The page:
Dental crown vs. dental implant

Update in January 31, 2024

crown vs. implant

Over time, your teeth can get damaged. This can happen for a variety of reasons, like tooth decay, injuries or just use over time. To have your tooth repaired there are two options: dental crown or dental implants. Dental crowns are tooth-shaped caps that can be placed over your tooth to repair broken or chipped tooth. Dental implant surgery is a procedure that replaces tooth roots with metal, screwlike posts and replaces damaged or missing teeth with prosthetic teeth that look and function much like real ones.

To choose between these two options it best to learn more about each procedure as well as their drawbacks, benefits.

Dental crowns

A crown, is just a replacement for the top part of the tooth which is visible in your mouth, rather than being a replacement option for the root too. A crown is also known as a cap because it acts as a cap to cover the tooth. Crowns are kept in place by being fixed to the remaining teeth surrounding the gap, which often means there is still a microscopic space. The microscopic space around the crown is potentially still vulnerable to decay and if you do suffer from cavities, we will most likely have to remove the crown so the decay can be treated.


Dental crowns


Dental implants

Unlike a crown, which when used alone is attached to a partial natural tooth, a dental implant, when completed, is essentially a replacement tooth. The implant is a metal post that serves as an artificial root for a tooth. In shape and size, it looks just like a standard metal screw, and it is implanted into your jawbone in much the same way. This post, by itself, isn’t the replacement tooth. It is the post that the replacement tooth is attached to. Once an implant is installed and the gum area has healed an abutment is attached to the top of the implant, and a crown is cemented to it. The crown is the part of the replacement tooth that is visible in your mouth.


Dental implants


Comparison between dental implant and dental crown

To make the best decision it’s best to understand the differences of dental implant and dental crown here are some key distinctions between them:

Dental implant recovery vs dental crown recovery

Getting a dental crown is usually a two-part process. The dentist prepares the tooth at the first appointment and places a temporary crown on it. During the next week or two, using impressions of the patient’s original tooth, the permanent crown is created in a lab. At a second appointment, the dentist affixes the permanent crown into place. The patient is usually back to normal eating after a few days of minor discomfort when soft foods are suggested.

Dental implant surgery, partly because it is more invasive, takes longer. After drilling and placing the post, sufficient time must pass for the bone to fuse to the implant which can take weeks. If bone grafts are necessary, it may even be months. During that time, a temporary crown sits on top of the implant. Later, the permanent crown is attached.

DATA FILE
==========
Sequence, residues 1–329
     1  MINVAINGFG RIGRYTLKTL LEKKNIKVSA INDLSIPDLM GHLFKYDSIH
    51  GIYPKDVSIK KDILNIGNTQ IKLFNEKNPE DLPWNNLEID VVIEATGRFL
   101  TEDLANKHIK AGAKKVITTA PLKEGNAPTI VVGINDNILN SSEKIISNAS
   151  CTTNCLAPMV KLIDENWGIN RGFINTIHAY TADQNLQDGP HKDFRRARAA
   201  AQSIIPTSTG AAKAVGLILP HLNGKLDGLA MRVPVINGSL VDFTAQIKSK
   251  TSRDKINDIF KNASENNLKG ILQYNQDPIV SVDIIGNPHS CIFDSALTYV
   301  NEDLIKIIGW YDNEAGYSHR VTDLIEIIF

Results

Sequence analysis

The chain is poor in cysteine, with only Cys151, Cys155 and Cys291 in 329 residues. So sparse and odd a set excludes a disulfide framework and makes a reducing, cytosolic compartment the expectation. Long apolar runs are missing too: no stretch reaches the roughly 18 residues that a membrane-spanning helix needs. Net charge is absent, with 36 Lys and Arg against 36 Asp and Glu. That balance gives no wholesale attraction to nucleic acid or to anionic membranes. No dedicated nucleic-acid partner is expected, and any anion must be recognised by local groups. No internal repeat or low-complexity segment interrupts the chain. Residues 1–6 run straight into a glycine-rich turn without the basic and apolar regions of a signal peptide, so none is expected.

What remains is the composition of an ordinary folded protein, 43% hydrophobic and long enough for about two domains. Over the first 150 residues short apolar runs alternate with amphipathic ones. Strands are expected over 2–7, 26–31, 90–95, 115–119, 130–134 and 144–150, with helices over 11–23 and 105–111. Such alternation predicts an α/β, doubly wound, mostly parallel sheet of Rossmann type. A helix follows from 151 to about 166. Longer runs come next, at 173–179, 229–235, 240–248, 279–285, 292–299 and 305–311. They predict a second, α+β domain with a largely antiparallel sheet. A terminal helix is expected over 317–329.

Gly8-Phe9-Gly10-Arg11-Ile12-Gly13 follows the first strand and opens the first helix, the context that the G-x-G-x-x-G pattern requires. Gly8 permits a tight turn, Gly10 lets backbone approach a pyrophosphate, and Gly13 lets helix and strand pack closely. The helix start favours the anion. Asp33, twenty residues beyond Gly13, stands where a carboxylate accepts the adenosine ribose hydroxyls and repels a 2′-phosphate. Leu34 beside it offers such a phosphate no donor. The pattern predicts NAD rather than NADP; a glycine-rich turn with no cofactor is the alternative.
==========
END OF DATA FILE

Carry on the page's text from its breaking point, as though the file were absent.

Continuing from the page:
There are some risks with implant surgery that don’t usually come with the placement of crowns. First of all, there’s a risk of infection with surgery of any kind. Also, implant drilling must be precise. Another tooth is hit, or the surgeon could accidentally nick a nerve or blood vessel, or even puncture the sinus cavity. Although these cases are rare, it is something to consider if there is a choice between dental crowns vs. implants.

Dental crown value vs dental implant value 

The cost of dental crowns depends on the material used. The most expensive is gold, followed by stainless steel, porcelain, ceramic, and finally resin, which is the cheapest. When getting a dental implant, the patient must consider the cost of the post and abutment too.

In some cases, insurance may help pay for a crown or an implant. But in general, insurance companies view implants as cosmetic and won’t cover them. If a crown is part of a root canal procedure, it may have more of a chance for coverage. It is best to discuss any dental procedures with the dentist and the insurance company to find out how much might be an out-of-pocket cost.

It’s possible that a crown or an implant might need to be replaced at some point, but both offer a good value for the money. Back teeth typically see more wear and tear from chewing, so they will usually be the first to wear out. Crowns typically last from 5 to 15 years. Implants can last upwards of 25 years.

Dental implant vs dental crown – which is best for me?

Ideally, a dental implant is a more cost-effective solution in the long-term and offers a near- permanent fixture in the mouth lasting several decades or more with sound oral care. Do bear in mind, however, that any implant-based restoration will require at least one surgical procedure and even though modern dental implant procedures are both comfortable and entail reduced surgery time, you should expect to factor in a little recovery time also.

Alternatively, for those who don’t feel that a surgical procedure is right for them and are looking to simply provide protection for an existing tooth then you may want to opt instead for  a contemporary dental crown.

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